Our Chris Lawrence takes a look at whether or not it could be the way of the future.
CHRIS LAWRENCE, CNN CORRESPONDENT (voice over): The bright blue sign sticks out and promises an alternative to buying gas.
DR. GRAEME SWEENEY, SHELL FUTURE FUELS: And it creates that sense that this is an ordinary thing to do.
LAWRENCE: California's first retail hydrogen fuel station is only the second in the nation, but it's vital for automakers that one day want the general public to drive these cars.
DAVE BARTHMUSS, GENERAL MOTORS: No one's going to buy a vehicle like this until they have the confidence that they need that they can get to a pump and refuel and not get stuck.
LAWRENCE: So far, only a few hundred are on the road. Most are loaned out to companies and government agencies to build acceptance. But this summer, Honda will actually lease one for $600 a month, with the automaker subsidizing most of the cost.
JAMIE LEE CURTIS, ACTRESS: No thank you.
LAWRENCE: Jamie Lee Curtis will be one of the first to get the Honda Clarity, and actress Joely Fisher is already driving a hydrogen- fueled BMW.
JOE ROMM, CLIMATEPROGRESS.ORG: Celebrities, like my 16-month-old daughter, are attracted to shiny new objects, I guess.
LAWRENCE: Joe Romm is a former Energy Department official. He says hydrogen cars have about half the range of a hybrid and it costs several hundred thousands to build one. So why are so many automakers getting into the fuel cell business?
ROMM: I think perhaps the biggest reason is that the Bush administration is still spending about $300 million a year promoting hydrogen. And companies want to get a piece of that money, and they like the good publicity they get.
LAWRENCE: Critics say emissions are produced during the creation of the fuel, but these cars generate no tailpipe emissions other than water vapor. Right now the price of fuel is a wash. Hydrogen costs twice the price of gas, but it's also twice as efficient.
WILLIS: The gas station in Los Angeles.
Chris, can you tell me, what kind of timeline are these companies looking at to get these cars into mass production and into the showrooms?
LAWRENCE: Well, Gerri, companies like GM have some pretty aggressive plans. You know, they'd like to be producing these in the hundreds of thousands in even the next seven years.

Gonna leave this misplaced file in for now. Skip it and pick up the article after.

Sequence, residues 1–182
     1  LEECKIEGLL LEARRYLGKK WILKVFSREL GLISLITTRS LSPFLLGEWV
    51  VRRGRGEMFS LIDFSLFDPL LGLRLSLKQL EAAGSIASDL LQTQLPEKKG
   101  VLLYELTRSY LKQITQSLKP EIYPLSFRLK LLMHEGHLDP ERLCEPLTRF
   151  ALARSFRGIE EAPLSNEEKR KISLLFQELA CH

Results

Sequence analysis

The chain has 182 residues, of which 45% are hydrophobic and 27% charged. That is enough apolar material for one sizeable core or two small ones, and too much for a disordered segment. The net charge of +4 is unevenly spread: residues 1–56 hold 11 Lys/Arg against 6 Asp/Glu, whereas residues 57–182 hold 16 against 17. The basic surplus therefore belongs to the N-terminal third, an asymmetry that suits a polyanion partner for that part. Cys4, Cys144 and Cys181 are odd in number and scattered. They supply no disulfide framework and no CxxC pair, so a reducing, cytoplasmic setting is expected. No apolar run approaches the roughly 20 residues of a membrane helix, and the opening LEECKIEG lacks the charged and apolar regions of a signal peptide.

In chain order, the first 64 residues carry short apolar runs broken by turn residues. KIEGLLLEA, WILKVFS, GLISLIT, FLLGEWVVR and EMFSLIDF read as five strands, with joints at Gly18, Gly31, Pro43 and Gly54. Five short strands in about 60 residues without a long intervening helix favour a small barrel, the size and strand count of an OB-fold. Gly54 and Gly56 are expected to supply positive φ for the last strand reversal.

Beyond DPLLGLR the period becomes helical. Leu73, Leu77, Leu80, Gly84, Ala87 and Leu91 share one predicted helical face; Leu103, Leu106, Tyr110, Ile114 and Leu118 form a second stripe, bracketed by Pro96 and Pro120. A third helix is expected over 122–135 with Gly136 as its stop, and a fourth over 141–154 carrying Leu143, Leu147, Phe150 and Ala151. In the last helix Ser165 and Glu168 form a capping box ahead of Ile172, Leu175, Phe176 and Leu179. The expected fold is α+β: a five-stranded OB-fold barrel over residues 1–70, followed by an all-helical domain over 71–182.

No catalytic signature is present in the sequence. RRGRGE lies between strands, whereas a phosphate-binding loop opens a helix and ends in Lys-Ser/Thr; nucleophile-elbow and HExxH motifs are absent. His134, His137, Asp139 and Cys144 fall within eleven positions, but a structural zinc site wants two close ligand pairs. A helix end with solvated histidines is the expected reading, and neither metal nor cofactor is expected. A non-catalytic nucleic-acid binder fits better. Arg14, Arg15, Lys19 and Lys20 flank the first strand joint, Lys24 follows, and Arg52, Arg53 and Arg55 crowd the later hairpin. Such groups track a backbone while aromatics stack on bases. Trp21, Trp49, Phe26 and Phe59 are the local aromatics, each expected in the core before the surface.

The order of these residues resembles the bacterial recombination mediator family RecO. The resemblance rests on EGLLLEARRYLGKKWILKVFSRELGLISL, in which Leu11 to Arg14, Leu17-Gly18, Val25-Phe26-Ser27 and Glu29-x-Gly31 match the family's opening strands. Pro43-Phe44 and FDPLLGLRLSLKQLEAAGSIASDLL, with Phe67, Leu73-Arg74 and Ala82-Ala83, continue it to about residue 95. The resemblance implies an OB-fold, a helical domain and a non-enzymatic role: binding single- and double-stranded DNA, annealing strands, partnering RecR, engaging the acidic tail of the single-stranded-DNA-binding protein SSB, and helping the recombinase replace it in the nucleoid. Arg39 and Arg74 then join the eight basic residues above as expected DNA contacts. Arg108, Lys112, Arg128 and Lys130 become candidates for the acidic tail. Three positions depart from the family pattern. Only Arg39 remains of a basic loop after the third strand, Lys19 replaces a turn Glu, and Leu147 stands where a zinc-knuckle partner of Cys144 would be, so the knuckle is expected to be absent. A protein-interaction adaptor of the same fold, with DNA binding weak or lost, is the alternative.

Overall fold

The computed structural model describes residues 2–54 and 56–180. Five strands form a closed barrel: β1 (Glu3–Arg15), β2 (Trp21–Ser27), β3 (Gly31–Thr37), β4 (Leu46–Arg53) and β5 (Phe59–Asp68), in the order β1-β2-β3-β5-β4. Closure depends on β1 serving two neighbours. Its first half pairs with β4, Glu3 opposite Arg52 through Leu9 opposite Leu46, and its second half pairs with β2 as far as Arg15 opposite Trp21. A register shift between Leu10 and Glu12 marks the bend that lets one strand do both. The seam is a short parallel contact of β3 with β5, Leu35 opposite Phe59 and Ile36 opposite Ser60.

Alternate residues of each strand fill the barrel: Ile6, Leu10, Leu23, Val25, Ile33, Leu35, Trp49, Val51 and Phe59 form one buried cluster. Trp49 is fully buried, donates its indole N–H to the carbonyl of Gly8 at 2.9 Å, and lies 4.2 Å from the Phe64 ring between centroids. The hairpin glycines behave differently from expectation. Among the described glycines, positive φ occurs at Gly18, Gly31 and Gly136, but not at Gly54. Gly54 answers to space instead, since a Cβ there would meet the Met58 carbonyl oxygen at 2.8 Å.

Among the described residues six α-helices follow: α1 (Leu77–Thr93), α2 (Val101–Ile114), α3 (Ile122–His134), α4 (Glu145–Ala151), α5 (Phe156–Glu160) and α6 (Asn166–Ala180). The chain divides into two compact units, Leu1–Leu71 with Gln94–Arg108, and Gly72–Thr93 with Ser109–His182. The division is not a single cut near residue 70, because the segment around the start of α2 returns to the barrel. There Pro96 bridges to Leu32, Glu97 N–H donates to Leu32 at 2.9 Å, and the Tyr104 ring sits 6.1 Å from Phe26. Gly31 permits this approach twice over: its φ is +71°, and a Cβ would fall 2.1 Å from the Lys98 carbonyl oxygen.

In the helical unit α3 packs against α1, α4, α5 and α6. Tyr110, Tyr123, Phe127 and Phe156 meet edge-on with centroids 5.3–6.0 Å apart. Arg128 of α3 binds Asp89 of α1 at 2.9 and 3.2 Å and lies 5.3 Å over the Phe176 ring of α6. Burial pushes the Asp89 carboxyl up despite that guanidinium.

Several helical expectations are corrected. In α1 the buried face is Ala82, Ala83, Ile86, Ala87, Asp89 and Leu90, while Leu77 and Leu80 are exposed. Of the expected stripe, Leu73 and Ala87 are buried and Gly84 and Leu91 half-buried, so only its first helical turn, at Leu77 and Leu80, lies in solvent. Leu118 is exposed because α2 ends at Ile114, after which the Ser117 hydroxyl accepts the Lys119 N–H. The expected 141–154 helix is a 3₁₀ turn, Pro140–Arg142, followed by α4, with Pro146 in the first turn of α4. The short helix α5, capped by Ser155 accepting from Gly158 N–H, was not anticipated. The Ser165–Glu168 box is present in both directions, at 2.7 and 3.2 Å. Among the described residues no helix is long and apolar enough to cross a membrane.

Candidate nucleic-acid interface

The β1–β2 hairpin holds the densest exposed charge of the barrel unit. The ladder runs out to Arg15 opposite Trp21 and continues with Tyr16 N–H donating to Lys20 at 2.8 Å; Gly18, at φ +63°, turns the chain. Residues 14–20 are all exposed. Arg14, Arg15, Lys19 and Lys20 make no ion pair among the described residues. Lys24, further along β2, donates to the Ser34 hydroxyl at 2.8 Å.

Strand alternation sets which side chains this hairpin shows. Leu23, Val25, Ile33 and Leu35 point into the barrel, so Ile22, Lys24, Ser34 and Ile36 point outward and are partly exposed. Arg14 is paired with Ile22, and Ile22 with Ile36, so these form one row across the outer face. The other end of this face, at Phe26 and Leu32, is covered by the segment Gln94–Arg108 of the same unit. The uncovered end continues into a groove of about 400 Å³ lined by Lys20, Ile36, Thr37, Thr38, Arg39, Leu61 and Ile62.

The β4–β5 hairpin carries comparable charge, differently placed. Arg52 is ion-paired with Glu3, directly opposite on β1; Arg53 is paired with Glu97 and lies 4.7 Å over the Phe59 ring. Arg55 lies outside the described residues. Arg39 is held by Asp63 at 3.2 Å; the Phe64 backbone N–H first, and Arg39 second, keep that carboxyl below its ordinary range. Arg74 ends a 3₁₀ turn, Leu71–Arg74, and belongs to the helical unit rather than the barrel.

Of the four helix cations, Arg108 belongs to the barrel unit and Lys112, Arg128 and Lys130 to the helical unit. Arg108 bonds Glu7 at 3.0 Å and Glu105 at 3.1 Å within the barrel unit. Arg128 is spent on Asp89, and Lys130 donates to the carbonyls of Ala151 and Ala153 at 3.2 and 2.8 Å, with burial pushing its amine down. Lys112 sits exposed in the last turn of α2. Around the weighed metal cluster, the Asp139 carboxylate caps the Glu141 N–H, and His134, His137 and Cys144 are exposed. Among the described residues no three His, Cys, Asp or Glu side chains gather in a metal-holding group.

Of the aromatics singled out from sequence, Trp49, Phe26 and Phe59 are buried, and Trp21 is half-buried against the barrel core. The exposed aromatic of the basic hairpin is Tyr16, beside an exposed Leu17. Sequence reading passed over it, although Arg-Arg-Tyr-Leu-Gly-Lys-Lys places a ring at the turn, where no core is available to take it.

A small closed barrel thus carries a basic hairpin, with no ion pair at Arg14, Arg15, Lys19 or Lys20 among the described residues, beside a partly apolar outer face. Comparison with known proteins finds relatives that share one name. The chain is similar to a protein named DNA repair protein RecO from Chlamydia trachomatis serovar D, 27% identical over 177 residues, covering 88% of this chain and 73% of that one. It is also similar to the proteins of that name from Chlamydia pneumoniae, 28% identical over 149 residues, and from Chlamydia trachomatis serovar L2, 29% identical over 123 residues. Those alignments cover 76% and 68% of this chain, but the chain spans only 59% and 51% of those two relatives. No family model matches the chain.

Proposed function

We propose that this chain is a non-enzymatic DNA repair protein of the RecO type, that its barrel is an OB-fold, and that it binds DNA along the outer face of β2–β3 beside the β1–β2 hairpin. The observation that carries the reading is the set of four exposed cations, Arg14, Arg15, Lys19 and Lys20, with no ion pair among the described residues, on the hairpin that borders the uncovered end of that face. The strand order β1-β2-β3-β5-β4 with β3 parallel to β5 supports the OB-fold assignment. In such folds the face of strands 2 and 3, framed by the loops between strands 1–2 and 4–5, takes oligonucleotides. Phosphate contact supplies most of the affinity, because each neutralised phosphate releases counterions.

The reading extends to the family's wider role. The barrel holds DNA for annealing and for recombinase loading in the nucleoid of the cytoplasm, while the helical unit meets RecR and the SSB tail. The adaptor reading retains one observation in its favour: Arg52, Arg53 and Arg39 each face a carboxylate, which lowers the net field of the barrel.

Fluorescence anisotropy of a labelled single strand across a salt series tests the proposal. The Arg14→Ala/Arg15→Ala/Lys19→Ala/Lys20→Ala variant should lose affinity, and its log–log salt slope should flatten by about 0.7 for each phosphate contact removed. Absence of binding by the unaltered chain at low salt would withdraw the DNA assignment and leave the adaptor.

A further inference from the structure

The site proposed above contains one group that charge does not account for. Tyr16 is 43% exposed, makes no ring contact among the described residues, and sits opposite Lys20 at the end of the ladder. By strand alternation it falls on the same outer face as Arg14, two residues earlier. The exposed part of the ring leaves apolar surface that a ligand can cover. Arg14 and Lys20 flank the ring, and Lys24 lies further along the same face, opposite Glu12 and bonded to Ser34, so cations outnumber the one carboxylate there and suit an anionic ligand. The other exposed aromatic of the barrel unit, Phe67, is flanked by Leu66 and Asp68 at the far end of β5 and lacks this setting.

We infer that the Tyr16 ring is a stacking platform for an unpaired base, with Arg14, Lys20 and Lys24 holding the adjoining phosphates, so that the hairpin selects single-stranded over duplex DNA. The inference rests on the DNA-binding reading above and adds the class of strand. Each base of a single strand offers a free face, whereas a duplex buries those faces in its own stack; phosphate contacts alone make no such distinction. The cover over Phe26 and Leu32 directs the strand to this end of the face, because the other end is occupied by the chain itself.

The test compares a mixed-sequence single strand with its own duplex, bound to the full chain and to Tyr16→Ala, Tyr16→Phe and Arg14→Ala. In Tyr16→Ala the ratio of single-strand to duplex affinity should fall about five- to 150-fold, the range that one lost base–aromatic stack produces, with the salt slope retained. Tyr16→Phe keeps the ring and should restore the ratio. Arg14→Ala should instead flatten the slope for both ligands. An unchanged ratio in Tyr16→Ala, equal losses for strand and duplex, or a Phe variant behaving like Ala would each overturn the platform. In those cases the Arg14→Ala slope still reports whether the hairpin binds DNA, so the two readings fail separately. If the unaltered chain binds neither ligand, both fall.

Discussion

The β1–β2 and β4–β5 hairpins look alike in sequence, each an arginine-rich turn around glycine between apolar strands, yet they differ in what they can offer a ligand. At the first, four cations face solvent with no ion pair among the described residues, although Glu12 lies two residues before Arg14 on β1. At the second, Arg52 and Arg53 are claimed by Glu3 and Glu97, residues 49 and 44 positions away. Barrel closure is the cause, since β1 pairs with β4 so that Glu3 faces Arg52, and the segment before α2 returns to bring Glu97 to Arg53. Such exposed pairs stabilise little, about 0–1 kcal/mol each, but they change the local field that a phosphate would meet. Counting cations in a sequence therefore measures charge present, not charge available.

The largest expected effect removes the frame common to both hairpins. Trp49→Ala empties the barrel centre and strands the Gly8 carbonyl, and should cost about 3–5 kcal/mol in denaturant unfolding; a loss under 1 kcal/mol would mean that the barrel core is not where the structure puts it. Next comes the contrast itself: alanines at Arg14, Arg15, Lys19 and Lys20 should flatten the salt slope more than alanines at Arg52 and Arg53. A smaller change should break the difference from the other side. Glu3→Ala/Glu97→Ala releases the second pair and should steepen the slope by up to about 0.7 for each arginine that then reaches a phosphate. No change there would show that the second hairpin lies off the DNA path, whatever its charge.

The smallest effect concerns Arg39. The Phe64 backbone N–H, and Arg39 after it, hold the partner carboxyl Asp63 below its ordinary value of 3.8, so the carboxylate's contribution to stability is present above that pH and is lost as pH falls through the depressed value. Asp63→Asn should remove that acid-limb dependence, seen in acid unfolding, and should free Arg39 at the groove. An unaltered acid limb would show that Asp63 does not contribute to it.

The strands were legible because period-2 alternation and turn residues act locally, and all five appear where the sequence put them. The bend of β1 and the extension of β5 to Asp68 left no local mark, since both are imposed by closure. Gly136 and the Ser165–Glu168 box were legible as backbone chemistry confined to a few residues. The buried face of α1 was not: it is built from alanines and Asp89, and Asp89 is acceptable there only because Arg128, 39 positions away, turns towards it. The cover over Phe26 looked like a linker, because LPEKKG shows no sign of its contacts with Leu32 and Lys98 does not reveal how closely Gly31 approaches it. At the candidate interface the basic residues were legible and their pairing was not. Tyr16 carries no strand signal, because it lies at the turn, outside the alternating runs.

That kind of volume is what you would need to get the costs down and actually make a profit. But you can't put that many cars on the road unless you've got the fuel stations to service them. So, you know, to spin an old analogy, the chicken and the egg have got to show up at the same time.
WILLIS: All right, Chris. Thank you for that. The chicken and the egg, we'll be watching for that with the hydrogen cars -- Ali.
VELSHI: Well, Gerri, high fuel prices are crimping Fourth of July travel plans. And for the first time in a decade, the AAA Auto Club expects a decline in the number of people driving and/or flying for the upcoming Independence Day weekend.
AAA projects approximately 40.5 million drivers, or 13 percent of Americans, on the road during the holiday weekend. That's down 1.3 percent from the 41 million who traveled last year. Air travel down too by 2.3 percent.
The second consecutive travel holiday this year where a year-to- year decrease was forecast. The first one being the Memorial Day Weekend.
Well, as the summer driving season gets under way, gasoline prices are hovering above $4 a gallon. And that's forcing many Americans to make a change in their lifestyle. They are driving less, as Allan Chernoff reports.
ALLAN CHERNOFF, CNN SR. CORRESPONDENT (voice over): Jen Castagna parks near her home and shares a 40-minute drive with co-worker Ceciley Robinson to their office in Danbury, Connecticut. With gas prices so high, carpooling is a big money saver for both of them.
JENNIFER CASTAGNA, COMMUTER: What does it cost to fill this up, Ceciley?
CECILEY ROBINSON, COMMUTER: Oh my gosh, like $60, $70.
CASTAGNA: Oh my God.
ROBINSON: I know.
CHERNOFF: Rich Levy, a pharmaceutical executive, doesn't have to worry too much about gas. He's got six vehicles sitting in his driveway, including a motor scooter. Even so, he still takes the train whenever possible.
RICH LEVY, COMMUTER: I think it's ridiculous. I think it's not only the monetary, but it's the principle of it, as well.
CHERNOFF: Rich, Jen and Ceciley reflect what's happening around the country. As gas prices soar, Americans are driving less. For six months in a row, motorists have been curbing their driving, logging nearly 30 billion fewer miles between November and April, the latest month on record, then during the same period a year earlier when gas prices were averaging well below $3 a gallon.
(on camera): The expensive gas is a primary motivator for Americans to drive less. But there are other reasons, as well. They're trying to avoid traffic, high tolls, and, they say, they want to be more environmentally conscious.
UNIDENTIFIED FEMALE: We all are much more conscious about the environmental effects and much more conscious about energy and our resources of energy today.